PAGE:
I think it is incorrect to try to assign a literal meaning to the "suck eggs" part, like that thread on Wordwizard tries to do. The simile is meant to be absurd. In fact, I see this as a relative of phrases such as "ass over teakettle" or "it's not rocket surgery": we know what they mean because we know the original phrases they refer to, not because they make any sense.

2 "rocket surgery" makes no sense. I think the contributor accidentally conflated "rocket science" and "brain surgery".
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Phrase finder quotes a 1542 "to teach our dame to spyne" as a possible origin. The spinning version makes perfect sense: even as late as the 1500s, all women learned how to spin, and many of them spent most of their waking hours with a spindle in their hands.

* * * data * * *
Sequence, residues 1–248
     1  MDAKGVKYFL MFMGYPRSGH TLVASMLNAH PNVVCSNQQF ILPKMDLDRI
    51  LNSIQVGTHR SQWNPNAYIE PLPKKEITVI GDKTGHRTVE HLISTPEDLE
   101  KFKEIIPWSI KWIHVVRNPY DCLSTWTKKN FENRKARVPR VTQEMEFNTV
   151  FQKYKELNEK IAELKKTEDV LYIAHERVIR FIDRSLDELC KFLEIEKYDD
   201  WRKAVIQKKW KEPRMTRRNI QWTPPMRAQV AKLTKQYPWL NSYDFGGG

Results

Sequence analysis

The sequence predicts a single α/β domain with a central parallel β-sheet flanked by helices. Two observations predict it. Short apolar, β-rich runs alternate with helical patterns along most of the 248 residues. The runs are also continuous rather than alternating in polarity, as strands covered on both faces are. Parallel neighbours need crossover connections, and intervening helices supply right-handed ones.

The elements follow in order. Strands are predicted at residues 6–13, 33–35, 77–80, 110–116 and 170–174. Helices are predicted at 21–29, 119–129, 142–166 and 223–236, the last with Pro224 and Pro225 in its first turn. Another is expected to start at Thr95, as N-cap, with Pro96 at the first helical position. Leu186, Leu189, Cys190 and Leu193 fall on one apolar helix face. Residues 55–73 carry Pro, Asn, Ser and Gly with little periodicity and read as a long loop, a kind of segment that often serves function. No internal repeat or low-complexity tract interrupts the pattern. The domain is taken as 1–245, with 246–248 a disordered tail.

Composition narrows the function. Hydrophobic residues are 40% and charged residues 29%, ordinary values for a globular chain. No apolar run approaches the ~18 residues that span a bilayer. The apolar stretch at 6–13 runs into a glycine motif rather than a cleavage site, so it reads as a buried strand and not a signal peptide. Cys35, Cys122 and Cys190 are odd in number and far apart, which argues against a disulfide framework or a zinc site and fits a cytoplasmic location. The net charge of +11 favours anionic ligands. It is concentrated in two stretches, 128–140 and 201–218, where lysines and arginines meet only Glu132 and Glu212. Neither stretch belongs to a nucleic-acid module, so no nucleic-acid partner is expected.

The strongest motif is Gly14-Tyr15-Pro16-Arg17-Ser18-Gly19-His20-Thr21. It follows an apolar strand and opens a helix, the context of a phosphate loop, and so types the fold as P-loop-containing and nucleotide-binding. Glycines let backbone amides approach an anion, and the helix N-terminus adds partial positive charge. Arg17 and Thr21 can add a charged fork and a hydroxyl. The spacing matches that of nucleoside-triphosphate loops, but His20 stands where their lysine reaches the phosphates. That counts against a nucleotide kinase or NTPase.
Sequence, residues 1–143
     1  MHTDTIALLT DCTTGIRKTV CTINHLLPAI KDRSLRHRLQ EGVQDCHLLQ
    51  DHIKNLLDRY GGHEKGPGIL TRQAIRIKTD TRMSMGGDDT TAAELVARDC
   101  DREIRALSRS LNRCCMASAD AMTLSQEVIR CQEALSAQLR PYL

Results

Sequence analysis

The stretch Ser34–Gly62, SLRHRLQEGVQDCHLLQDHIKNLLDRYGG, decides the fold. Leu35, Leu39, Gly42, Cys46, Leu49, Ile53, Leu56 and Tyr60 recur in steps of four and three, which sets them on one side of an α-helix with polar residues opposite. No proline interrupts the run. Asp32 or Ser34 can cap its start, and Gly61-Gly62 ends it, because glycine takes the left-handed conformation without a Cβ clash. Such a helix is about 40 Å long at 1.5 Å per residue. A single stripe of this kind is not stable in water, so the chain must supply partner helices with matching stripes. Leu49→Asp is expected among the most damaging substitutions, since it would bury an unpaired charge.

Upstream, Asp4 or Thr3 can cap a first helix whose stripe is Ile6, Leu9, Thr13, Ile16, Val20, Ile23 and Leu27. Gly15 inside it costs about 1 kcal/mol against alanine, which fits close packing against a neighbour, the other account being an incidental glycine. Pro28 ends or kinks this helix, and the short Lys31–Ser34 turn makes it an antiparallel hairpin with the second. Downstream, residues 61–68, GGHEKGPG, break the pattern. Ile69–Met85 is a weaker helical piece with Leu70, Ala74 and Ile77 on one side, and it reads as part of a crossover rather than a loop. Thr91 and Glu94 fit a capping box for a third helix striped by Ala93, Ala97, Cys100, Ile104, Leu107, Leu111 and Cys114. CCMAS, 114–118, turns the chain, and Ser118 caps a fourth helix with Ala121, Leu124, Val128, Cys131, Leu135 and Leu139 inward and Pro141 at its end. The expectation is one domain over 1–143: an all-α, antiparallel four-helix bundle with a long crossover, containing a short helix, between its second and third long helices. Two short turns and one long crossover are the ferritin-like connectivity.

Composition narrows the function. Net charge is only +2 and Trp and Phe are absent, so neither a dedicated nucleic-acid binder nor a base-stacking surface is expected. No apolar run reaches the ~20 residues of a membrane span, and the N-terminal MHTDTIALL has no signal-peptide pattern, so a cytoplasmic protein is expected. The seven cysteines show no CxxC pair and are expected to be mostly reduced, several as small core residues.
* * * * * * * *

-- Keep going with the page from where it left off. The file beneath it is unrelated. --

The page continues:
At some point, however, the logical metaphor lost favor, and the phrase mutated: instead of teaching your grandma something she knows better than you because she's been doing it since she was three years old, the phrase became about things that anyone with a modicum of intelligence can figure out how to do, if only they could come up with a reason to do them in the first place.

I think it is incorrect to try to assign a literal meaning to the "suck eggs" part, like that thread on Wordwizard tries to do. The simile is meant to be absurd. In fact, I see this as a relative of phrases such as "ass over teakettle" or "it's not rocket surgery"science": we know what they mean because we know the original phrases they refer to, not because they make any sense.